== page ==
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A beginners guide to Ramadan

Updated on July 5, 2013

Introduction

Ramadan is a very important part of being a Muslim, yet many non Muslims know very little about this special period and what it means.

Ramadan is the 9th month in the Islamic calendar. Considered the most holy and blessed month in Islamic faith, in 2013 it will begin on July 9th. It is a period of fasting, self-evaluation, charitable giving, and spirituality. Ramadan is considered one of the five pillars of Islam, and is observed annual across the world.

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Fasting

Perhaps the most well known part of Ramadan for non Muslims is the fasting. Fasting is considered obligatory for the entire month of Ramadan for all adult Muslims during Ramadan, and the fasting occurs between sunrise and sunset. Everyday, from dawn, fasting Muslims must refrain from consuming food or liquids, including water, until the sun has set that evening. Smoking, sex, swearing and even gossiping are considered to be sinful, and are expected to be refrained from. The period of Ramadan is a period to improve spirituality and refraining from sinful practices encourages a person to reflect upon ones behavior, cleansing the soul.

The traditional way to break fast after sunset is with dates
The traditional way to break fast after sunset is with dates

Breaking The Fast

Called Iftar, the daily fast is usually broken with fresh or dried dates, as according to tradition, Muhammad broke fast with three dates. Often, families and friends gather for Iftar, to consume large buffet style meals of traditional dishes. For example in cities with large Muslim populations like Bradford, restaurants will offer free food to break the fast as people gather for times of reflection with family.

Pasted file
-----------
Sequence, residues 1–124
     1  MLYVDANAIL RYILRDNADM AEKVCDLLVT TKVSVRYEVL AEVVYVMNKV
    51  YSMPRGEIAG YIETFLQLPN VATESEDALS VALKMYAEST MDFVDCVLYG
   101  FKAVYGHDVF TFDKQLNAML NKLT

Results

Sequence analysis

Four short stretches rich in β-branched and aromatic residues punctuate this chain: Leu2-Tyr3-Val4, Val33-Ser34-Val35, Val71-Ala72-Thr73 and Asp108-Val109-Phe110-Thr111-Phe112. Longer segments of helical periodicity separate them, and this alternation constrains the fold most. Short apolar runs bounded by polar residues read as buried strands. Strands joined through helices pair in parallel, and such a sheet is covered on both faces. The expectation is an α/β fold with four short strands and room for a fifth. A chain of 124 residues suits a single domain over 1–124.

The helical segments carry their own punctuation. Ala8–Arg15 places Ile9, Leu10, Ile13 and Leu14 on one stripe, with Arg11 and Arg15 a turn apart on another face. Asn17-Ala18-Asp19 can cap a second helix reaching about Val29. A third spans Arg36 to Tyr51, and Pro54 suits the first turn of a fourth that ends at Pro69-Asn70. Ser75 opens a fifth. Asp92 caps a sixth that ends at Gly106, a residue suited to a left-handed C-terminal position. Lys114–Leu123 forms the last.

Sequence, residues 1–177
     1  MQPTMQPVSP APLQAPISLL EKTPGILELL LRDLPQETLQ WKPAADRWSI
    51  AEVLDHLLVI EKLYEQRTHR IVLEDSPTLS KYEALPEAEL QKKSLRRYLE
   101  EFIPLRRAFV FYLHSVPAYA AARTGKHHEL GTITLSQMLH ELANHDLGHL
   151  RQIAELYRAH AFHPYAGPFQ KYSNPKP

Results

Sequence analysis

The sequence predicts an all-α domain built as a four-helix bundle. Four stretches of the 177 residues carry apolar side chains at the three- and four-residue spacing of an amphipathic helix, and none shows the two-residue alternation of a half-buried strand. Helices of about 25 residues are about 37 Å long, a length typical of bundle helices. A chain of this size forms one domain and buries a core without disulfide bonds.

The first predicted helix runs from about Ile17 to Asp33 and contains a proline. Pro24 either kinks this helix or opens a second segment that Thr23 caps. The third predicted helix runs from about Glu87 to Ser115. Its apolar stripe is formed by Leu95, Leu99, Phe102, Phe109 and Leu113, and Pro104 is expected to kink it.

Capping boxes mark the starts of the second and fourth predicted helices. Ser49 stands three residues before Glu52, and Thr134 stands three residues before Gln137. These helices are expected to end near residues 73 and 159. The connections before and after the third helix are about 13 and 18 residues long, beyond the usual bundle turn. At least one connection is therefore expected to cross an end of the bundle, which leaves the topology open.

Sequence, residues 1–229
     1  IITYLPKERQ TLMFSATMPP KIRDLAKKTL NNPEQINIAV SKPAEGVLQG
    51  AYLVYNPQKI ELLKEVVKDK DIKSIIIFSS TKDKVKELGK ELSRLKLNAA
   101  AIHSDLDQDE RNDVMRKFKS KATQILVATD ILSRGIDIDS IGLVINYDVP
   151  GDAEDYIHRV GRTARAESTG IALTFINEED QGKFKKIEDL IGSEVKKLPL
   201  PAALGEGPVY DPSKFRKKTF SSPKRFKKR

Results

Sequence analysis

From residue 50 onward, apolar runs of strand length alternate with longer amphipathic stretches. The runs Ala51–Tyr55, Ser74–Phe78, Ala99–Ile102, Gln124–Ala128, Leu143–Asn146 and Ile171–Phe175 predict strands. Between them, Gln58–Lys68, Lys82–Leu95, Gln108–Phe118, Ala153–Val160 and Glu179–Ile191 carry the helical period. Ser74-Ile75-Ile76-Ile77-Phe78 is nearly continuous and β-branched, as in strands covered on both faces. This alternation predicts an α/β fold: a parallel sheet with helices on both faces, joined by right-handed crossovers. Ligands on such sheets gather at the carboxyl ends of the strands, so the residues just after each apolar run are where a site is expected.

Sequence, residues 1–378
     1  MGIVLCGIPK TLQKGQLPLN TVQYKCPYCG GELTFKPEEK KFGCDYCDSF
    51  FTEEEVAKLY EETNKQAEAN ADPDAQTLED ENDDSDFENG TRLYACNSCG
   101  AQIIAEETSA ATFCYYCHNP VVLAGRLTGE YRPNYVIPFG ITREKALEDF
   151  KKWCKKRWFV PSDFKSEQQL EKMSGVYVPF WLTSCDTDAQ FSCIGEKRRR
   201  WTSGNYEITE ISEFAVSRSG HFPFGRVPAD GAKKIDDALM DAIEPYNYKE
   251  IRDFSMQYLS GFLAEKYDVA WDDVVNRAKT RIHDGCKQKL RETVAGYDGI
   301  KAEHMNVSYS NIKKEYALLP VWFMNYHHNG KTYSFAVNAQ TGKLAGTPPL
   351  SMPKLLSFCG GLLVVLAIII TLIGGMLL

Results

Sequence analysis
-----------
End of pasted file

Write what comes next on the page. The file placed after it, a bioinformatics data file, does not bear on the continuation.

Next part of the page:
Charity

Charity is another important part of Ramadan and Islam on the whole, and during Ramadan many Muslims make an effort to increase their charitable actions. It is believed that all good deeds are more handsomely rewarded during Ramadan than any other time of year.

Prayer

In addition to fasting, reflection and charity, Muslims are encouraged to read the entire Qu’ran during Ramadan. Many choose to do this via special prayers called Tarawih at mosque each evening.

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Summary

Hopefully this post has given you a greater understanding of the holy month. Please use the poll to indicate if this hub has been informative so we can continue to add to it and create many more like it.


Ramadan Mubarak.

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    • liamodowd profile image
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      liamodowd 4 years ago from Leeds

      Thank you, much appreciated!

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      anndango 4 years ago

      Thanks - interesting read. Voted up.